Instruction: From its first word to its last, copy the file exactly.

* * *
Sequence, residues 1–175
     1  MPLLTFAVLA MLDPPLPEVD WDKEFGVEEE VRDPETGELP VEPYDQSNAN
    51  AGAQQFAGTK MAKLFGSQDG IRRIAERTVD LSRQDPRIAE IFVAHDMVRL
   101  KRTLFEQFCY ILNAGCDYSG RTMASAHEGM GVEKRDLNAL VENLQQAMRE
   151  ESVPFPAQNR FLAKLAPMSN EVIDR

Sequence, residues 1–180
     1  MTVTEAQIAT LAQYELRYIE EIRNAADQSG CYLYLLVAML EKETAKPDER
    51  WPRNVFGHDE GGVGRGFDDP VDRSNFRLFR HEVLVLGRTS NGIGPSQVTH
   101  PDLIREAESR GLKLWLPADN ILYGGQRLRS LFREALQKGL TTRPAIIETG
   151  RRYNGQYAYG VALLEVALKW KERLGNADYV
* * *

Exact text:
Sequence, residues 1–175
     1  MPLLTFAVLA MLDPPLPEVD WDKEFGVEEE VRDPETGELP VEPYDQSNAN
    51  AGAQQFAGTK MAKLFGSQDG IRRIAERTVD LSRQDPRIAE IFVAHDMVRL
   101  KRTLFEQFCY ILNAGCDYSG RTMASAHEGM GVEKRDLNAL VENLQQAMRE
   151  ESVPFPAQNR FLAKLAPMSN EVIDR

Sequence, residues 1–180
     1  MTVTEAQIAT LAQYELRYIE EIRNAADQSG CYLYLLVAML EKETAKPDER
    51  WPRNVFGHDE GGVGRGFDDP VDRSNFRLFR HEVLVLGRTS NGIGPSQVTH
   101  PDLIREAESR GLKLWLPADN ILYGGQRLRS LFREALQKGL TTRPAIIETG
   151  RRYNGQYAYG VALLEVALKW KERLGNADYV